Richard Austen Butler, familiarly known as Rab, (1902 - 1982) was a British politician. He was born in India and educated at Cambridge University. He was a member of parliament for the Conservative Party from 1929, when he won the seat of Saffron Walden. He served under six prime ministers with his first senior ministerial post as Minister of Education under Winston Churchill. While minister of education he was prominent in the introduction of free primary and secondary education for all, with the introduction of the Education Act of 1944. He has held several senior cabinet posts including Chancellor of the Exchequer (1951–55), Home Secretary (1957–62) and Foreign Secretary (1963-1964). He retired from Parliament in 1965, by which time he was the longest-serving member of the Commons and Father of the House and was awarded a life peerage the same year as Baron Butler of Saffron Walden.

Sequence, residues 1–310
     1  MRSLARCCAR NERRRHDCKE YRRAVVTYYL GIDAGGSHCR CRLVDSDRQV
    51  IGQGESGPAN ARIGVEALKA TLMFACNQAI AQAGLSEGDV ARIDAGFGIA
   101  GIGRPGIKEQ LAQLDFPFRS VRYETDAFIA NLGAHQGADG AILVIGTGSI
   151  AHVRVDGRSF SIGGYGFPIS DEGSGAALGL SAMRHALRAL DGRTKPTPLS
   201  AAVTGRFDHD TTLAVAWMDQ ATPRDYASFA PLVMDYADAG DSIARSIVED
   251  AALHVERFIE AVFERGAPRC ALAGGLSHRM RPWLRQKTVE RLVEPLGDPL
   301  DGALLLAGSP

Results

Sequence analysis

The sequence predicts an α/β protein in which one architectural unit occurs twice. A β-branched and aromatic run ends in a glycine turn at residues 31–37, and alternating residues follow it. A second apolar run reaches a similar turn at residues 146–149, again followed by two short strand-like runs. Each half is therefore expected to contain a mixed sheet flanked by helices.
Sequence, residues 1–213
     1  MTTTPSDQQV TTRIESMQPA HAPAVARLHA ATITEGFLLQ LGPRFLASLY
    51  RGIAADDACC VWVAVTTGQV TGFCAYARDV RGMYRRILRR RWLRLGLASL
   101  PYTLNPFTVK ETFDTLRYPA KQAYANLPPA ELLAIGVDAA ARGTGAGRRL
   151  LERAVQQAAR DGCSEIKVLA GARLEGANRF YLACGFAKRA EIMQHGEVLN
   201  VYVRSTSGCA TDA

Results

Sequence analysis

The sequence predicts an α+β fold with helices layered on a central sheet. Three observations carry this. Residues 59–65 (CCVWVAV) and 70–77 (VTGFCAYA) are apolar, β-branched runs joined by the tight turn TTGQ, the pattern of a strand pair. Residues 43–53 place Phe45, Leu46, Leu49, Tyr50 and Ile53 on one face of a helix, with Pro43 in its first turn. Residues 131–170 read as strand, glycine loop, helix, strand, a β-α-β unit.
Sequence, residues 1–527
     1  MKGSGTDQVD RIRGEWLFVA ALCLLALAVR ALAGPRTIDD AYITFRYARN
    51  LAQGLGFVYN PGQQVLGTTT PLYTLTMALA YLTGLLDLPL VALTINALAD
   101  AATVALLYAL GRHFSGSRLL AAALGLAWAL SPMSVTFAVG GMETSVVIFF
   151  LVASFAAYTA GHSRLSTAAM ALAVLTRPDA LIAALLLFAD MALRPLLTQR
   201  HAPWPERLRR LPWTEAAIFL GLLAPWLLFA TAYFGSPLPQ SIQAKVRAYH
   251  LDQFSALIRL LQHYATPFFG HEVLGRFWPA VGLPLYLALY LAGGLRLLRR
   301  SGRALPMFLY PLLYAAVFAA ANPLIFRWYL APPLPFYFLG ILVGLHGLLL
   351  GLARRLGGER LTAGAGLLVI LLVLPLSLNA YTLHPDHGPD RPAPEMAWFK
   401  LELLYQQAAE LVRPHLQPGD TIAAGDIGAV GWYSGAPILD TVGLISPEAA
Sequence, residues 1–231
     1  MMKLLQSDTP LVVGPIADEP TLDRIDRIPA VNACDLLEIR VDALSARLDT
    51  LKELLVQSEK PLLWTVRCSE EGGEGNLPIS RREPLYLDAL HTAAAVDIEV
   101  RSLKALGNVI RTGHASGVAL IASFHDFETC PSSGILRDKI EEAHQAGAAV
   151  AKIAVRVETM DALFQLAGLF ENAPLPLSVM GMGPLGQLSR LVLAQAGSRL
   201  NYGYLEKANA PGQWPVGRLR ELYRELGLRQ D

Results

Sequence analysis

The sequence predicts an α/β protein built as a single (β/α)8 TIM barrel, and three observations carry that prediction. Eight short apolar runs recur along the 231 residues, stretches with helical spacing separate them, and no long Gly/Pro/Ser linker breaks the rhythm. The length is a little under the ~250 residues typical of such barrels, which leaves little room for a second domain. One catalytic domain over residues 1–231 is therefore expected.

Butler deputized as prime minister for Churchill during his illness in the early 1950s, but lost the contest to succeed Anthony Eden as party leader and prime minister to Harold Macmillan in 1957. Historians have attributed this both to his having been too closely associated with the faction favouring appeasement in the 1930s, and to his having delivered an imprudently loose budget earlier that year thereby damaging the reputation he had established for skilled economic management.
When Macmillan retired as party leader and prime minister in 1963, his actions were widely seen as having operated to block Butler's succession to these offices and occasioned lasting bitterness from Butler's supporters, though Butler himself accepted office in the new cabinet of Alec Douglas-Home.
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